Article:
If confirmed as defense secretary, Ashton Carter will need all his abundant experience to tackle the major challenges the Pentagon faces in trying to maintain America’s military edge. Indeed, Carter’s most important legacy will hinge on how much success he has in aligning the defense budget and procurement priorities to the needs of the era.
The military force the Pentagon has traditionally planned to build is not one that will keep our military supreme. Indeed, the United States is no longer the only international actor to employ stealth fighters, satellites and long-range precision-guided munitions. Dozens of countries are embracing unmanned systems and the globalization of the defense industry means that technological advances will come fast and furious even outside the U.S. If left unaddressed, these trends could mean that the U.S. may find itself outclassed in serious fights in the Western Pacific, Eastern Europe and beyond.
Carter’s top priority should therefore be on arresting the decline of America’s military technological edge. In fact, Carter’s legacy depends entirely on what he is able to accomplish this year. The president’s fiscal 2016 budget request is already in, and the 2018 budget will be submitted after the next president is elected. That means that the fiscal 2017 budget could be the only one Carter will be able to really control.
Thankfully, Carter does not need to start from scratch. Deputy Defense Secretary Robert Work has spent the last year driving the Pentagon to confront and adapt to the challenges to U.S. military superiority, and Republican defense leaders on Capitol Hill are increasingly seized with this grave problem.
Rather than reinventing the wheel, among Carter’s first steps should be to put his personal imprimatur on the Pentagon’s developing “offset strategy,” which was designed to develop ways for U.S. forces to win back advantage in a more competitive military-technological world. Carter should be particularly sympathetic to this effort, as it draws inspiration from the earlier “offset strategy” initiative of the late 1970s led by his mentor William Perry, an endeavor that spurred path-breaking advances in stealth, networking and precision navigation. Like its model, this new offset strategy hopes to leverage American and allied advantages in technology and military innovation to retain dominance in a more challenging era.
The plan needs more than just rhetorical support. Carter should personally advocate for technological capabilities that are essential for sustaining America’s military lead.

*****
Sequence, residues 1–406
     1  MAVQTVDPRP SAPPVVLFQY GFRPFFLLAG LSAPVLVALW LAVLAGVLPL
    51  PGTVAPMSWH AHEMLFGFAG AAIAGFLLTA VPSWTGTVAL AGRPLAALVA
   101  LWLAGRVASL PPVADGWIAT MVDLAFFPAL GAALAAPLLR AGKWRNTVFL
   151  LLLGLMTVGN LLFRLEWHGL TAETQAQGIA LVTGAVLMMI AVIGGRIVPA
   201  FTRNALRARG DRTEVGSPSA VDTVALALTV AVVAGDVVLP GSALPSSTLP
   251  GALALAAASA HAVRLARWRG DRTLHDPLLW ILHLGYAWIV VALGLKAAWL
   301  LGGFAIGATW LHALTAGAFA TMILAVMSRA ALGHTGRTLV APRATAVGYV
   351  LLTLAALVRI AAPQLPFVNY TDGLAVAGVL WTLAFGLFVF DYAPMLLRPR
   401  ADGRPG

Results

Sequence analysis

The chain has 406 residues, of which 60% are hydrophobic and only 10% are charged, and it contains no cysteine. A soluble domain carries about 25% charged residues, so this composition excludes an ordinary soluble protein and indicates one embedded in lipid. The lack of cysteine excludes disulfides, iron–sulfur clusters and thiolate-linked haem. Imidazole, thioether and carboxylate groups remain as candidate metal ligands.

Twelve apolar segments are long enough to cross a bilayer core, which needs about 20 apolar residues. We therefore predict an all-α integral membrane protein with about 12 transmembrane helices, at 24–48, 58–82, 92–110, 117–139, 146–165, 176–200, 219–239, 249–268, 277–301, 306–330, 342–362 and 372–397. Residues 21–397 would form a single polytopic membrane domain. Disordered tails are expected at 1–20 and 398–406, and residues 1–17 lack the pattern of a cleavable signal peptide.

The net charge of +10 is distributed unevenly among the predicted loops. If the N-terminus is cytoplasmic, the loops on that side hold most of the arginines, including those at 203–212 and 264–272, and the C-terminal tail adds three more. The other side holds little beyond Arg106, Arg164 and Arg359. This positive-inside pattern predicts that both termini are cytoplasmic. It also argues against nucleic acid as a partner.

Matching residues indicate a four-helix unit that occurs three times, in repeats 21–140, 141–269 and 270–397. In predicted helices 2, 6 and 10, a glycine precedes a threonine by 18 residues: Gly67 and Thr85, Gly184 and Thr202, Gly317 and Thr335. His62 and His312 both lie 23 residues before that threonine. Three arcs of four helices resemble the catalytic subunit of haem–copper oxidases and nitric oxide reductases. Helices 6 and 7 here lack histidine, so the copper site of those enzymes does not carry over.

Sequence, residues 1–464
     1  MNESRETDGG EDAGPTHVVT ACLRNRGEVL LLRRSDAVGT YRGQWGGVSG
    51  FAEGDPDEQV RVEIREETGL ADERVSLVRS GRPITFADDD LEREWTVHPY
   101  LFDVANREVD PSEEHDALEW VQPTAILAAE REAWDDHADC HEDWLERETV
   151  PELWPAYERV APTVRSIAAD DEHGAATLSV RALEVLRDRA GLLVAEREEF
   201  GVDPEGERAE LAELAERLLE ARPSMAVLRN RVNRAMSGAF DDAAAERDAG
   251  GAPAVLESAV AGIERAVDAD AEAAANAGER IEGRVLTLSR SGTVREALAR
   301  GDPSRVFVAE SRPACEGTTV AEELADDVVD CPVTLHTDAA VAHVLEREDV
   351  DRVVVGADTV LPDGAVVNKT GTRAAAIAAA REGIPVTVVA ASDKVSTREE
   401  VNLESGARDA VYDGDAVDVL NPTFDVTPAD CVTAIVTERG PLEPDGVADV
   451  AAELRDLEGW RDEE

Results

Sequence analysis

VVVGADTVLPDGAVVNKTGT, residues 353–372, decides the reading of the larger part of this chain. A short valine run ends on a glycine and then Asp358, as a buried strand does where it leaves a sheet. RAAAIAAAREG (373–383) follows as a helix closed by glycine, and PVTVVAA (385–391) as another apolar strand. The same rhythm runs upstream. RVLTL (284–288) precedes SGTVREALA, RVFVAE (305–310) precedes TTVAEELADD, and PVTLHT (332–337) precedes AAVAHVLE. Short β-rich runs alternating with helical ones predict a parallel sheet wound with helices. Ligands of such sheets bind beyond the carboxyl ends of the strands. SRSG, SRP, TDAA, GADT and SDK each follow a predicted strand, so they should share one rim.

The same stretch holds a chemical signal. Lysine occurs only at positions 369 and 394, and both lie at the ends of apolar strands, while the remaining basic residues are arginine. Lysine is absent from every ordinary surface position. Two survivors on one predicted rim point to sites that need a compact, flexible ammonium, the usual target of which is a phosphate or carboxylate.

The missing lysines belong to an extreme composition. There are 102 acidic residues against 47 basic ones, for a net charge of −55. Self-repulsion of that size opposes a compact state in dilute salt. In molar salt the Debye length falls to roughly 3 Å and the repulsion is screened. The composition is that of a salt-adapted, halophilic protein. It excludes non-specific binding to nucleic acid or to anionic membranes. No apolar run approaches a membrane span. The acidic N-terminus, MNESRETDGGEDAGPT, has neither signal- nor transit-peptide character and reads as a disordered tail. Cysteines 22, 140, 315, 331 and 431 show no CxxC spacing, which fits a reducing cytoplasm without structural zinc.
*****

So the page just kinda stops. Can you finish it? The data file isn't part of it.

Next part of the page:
First, the Pentagon must procure a new long-range stealth bomber to replace the aging B-2 bomber fleet, which is becoming increasingly vulnerable to adversary air defenses. A penetrating bomber is vital to the conventional and nuclear strike functions that underpin American military superiority. It is critical that this new bomber is able to penetrate advanced air defense systems and effectively attack defended targets. Without it, U.S. power projection would be gravely weakened. With a decision expected in the coming months, Carter must work to build support in the Pentagon, Congress and beyond . It should not be held hostage to inter-service rivalries, short-sighted penny-pinching or self-interested attacks.
Second, Carter should put his personal weight behind an invigorated U.S. submarine building program, including conventional and nuclear-firing subs. The growing threats to America’s surface ships and short-range, non-stealthy aircraft are making U.S. undersea advantages ever more important. Yet the U.S. is sauntering at a relatively modest pace of submarine building and is set to retire its missile-carrying Ohio-class SSBNs and SSGNs in the coming years.
Beyond these traditional platforms, Carter should ensure the Pentagon doubles down and accelerate its efforts on drones, above and below the sea. Such systems will be a crucial part in sustaining American advantages in the medium to longer-term. A totemic case in point is pressing the Navy to develop an unmanned carrier-based strike aircraft that can extend the operating range of the carrier air wing. Without it, the vaunted aircraft carrier, symbol of American power and investment, risks becoming obsolete in an era of long-range precision missiles that can hunt and kill big ships. At the same time, Carter should ensure the Pentagon’s initial investments in unmanned underwater vehicles produce prototypes that can help spur the creation of entire fleets of unmanned systems that can extend the range and power of U.S. submarines. Carter should push the military services to embrace the potential of unmanned and autonomous systems to help the United States solve the increasingly vexing quandary of how to bring adequate numbers of capable forces to the battle quickly and decisively.
If Carter can leave office in 2017 with these crucial programs well on their way to development, history will applaud his tenure.